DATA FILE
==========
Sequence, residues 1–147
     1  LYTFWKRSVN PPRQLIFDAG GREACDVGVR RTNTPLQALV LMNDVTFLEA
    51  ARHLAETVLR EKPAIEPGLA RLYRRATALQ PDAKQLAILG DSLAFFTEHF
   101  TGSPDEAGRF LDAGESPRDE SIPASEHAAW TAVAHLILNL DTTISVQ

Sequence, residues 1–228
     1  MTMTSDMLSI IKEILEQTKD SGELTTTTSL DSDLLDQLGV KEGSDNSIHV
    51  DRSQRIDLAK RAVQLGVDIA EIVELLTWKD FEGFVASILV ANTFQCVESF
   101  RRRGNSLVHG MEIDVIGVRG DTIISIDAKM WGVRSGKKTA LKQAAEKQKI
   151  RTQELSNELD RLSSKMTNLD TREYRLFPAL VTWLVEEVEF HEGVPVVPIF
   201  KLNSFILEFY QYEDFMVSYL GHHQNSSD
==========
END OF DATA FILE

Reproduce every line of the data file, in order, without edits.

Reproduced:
Sequence, residues 1–147
     1  LYTFWKRSVN PPRQLIFDAG GREACDVGVR RTNTPLQALV LMNDVTFLEA
    51  ARHLAETVLR EKPAIEPGLA RLYRRATALQ PDAKQLAILG DSLAFFTEHF
   101  TGSPDEAGRF LDAGESPRDE SIPASEHAAW TAVAHLILNL DTTISVQ

Sequence, residues 1–228
     1  MTMTSDMLSI IKEILEQTKD SGELTTTTSL DSDLLDQLGV KEGSDNSIHV
    51  DRSQRIDLAK RAVQLGVDIA EIVELLTWKD FEGFVASILV ANTFQCVESF
   101  RRRGNSLVHG MEIDVIGVRG DTIISIDAKM WGVRSGKKTA LKQAAEKQKI
   151  RTQELSNELD RLSSKMTNLD TREYRLFPAL VTWLVEEVEF HEGVPVVPIF
   201  KLNSFILEFY QYEDFMVSYL GHHQNSSD